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Check out reviews of other concerts in 2000

Cassa

Review of their gig in Whelan's, Dublin, July 12th 2000

If first impressions are anything to go by, then Cassa is definitely a striking band. In fact the first member onstage is better known for his 'day' job striking, thumping and tapping his drums while having an optimum view of Glen Hansard's backside. Next, as the skipping CD playing on the sound system finally settled on 'Foxy Lady', two female band members took the stage carrying keyboards and bass. The latter's impeccable colour coordination was immediately to be commended — a black bass and blouse as well as matching pink lead cord and skirt.

The keyboardist / guitarist / singer's blue rag-doll peasant dress proved to be highly appropriate as when she was not playing an instrument her arms were constantly failing around and about her person like a Raggedy-Ann doll on puppet strings. All this served to emphasize her vocals, which would be considered rather floaty and spacey if it wasn't for her penchant of half-swallowing, half-squeaking her way up to the many high notes. She somehow managed to combine absolute pleading with the spitfire of Alanis you-know-who and the occasional Bjorkism. Definitely a style that has to grow on you but she served as a perfect vocal point for the band. In fact the above mentioned three members maintained the spotlight to the extent that it was easy to miss the male guitar player and the guy tweaking and turning knobs who slipped into the stage-left and stage-right shadows almost to be forgotten — it might have helped keep the latter's furry-hatted head from sweating under the stage lights.

After the first visual impression, the first aural impression was a bit of a letdown. Called 'Batman' the song was easily their weakest and the low point of the evening. Of course they soon set it right and it proceeded uphill as a chunkier beat drew you into 'Thrashy Dreams.' Though a very muddy sounding bass sound marred the start of one song, the rhythm section were the musical stars of the evening and included the utilization of excellent syncopated bass-drum work. A shame that what was termed 'New Song' on the set list started with a basic, very dull looped beat totally lacking in feel that should have never entered into the picture. The live guy with the drumsticks is there for a reason.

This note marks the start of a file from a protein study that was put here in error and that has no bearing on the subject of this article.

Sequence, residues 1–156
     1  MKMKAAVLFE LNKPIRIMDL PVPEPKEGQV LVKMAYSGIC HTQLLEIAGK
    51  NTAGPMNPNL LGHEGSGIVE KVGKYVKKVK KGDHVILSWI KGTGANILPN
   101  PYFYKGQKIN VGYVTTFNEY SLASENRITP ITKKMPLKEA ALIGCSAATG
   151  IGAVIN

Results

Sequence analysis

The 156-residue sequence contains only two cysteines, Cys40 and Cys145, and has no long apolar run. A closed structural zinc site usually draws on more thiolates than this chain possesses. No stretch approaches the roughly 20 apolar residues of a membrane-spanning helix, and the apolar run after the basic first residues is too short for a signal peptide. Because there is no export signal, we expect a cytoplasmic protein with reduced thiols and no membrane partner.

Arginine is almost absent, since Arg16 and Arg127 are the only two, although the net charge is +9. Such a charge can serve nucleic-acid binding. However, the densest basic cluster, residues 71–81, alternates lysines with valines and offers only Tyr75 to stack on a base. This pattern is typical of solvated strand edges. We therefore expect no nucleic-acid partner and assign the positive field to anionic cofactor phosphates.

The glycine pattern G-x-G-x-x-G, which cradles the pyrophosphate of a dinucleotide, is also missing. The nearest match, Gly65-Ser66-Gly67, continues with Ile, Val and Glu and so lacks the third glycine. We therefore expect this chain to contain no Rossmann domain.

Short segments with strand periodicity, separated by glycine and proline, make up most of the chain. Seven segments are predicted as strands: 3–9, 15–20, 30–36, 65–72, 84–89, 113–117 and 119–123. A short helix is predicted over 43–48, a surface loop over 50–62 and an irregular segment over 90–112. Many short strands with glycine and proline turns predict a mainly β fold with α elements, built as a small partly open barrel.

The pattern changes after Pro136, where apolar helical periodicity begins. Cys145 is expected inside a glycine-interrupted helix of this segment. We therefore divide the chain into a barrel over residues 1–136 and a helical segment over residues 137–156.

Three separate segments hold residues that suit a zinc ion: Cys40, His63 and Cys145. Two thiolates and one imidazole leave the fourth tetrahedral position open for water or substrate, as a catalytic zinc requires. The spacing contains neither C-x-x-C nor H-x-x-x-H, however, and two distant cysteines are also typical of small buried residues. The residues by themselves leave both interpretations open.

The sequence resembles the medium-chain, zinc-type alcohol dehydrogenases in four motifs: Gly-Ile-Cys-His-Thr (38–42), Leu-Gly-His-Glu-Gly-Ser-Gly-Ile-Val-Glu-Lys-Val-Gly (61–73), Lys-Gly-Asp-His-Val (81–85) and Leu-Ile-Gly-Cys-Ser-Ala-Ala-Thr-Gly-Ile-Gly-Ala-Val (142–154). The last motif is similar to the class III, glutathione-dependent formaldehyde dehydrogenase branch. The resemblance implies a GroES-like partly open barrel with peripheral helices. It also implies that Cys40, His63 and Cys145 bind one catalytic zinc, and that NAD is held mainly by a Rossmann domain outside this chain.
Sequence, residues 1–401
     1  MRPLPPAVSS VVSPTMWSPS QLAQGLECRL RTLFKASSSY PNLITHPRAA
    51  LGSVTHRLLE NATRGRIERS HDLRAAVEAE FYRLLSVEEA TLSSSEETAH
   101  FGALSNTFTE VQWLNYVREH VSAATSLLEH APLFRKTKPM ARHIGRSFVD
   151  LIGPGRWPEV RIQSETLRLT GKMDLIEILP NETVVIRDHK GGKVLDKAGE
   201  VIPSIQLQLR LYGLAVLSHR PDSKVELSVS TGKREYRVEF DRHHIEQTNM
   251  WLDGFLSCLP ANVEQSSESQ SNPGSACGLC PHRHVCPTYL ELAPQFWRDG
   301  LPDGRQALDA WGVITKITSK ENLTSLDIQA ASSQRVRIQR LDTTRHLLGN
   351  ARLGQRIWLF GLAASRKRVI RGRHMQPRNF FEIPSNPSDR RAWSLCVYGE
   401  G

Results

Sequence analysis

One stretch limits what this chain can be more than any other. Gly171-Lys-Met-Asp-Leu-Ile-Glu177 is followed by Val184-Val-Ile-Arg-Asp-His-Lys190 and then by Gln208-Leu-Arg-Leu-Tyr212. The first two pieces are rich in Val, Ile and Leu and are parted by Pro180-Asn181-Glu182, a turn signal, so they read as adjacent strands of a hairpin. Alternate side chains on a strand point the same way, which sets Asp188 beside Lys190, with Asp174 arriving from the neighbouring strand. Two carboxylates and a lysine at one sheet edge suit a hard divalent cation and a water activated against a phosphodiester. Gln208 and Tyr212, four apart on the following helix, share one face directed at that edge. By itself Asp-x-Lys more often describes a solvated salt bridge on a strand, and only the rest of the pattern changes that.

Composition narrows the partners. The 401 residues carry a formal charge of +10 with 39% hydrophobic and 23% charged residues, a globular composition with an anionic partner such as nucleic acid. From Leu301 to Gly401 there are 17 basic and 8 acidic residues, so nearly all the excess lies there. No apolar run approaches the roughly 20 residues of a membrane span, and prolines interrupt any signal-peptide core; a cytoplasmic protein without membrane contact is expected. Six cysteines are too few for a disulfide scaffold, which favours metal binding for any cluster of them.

The original highlights came on 'Indian Sky' and 'Circus' (utilizing the set list again here) where the rhythm section and the vocals hit their peaks simultaneously. A couple of rappers invited by the band never showed up creating in the process the absolute highlight of the evening. The cover of the Roots/Erykah Badu song 'You Got Me' was pushed to the encore as the band desperately inquired about a rapper in the house. An American from Philly finally obliged and his original ramblings about Dublin and the States combined to great effect with singer Catherine's unique vocal interpretations. The band mentioned that they were "called Cassa, at least for the moment." It's hard to figure out if the band is just a temporary musical exploration/experiment for the band or not. They have enough uniqueness in their style to warrant further meanderings if the musicians so choose.

Barbara Lindberg

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